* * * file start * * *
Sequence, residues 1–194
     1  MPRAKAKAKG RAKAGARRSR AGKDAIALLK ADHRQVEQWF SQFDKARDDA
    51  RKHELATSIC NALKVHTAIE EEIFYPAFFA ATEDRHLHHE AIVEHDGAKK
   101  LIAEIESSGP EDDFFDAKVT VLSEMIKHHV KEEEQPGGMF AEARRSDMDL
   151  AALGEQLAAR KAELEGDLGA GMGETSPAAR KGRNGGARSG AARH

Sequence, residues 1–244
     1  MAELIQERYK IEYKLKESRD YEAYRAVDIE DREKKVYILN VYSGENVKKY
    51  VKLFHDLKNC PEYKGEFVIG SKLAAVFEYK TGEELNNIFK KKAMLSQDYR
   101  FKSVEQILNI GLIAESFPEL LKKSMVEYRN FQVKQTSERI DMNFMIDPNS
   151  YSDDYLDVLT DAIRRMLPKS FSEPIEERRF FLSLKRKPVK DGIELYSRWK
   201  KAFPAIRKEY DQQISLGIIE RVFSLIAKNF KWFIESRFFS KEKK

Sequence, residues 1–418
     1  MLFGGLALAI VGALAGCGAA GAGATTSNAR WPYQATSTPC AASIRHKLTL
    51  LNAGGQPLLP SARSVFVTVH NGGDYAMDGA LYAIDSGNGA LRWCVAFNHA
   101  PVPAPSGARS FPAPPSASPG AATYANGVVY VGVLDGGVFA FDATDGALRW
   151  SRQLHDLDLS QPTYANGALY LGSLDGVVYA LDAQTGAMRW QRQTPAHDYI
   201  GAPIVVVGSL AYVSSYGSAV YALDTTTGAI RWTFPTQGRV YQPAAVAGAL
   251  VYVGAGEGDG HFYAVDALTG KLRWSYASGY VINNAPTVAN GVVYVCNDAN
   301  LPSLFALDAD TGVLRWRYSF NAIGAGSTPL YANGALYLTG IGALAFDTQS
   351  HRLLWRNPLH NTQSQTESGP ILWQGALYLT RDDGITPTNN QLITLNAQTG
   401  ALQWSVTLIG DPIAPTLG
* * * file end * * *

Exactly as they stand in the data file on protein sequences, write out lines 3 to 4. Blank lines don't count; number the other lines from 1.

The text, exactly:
    51  RKHELATSIC NALKVHTAIE EEIFYPAFFA ATEDRHLHHE AIVEHDGAKK
   101  LIAEIESSGP EDDFFDAKVT VLSEMIKHHV KEEEQPGGMF AEARRSDMDL